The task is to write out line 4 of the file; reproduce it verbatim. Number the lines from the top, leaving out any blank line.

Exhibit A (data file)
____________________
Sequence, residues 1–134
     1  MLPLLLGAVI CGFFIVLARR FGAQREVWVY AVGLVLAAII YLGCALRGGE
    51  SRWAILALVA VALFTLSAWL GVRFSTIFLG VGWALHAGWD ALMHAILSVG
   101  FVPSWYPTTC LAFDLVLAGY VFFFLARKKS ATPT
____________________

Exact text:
   101  FVPSWYPTTC LAFDLVLAGY VFFFLARKKS ATPT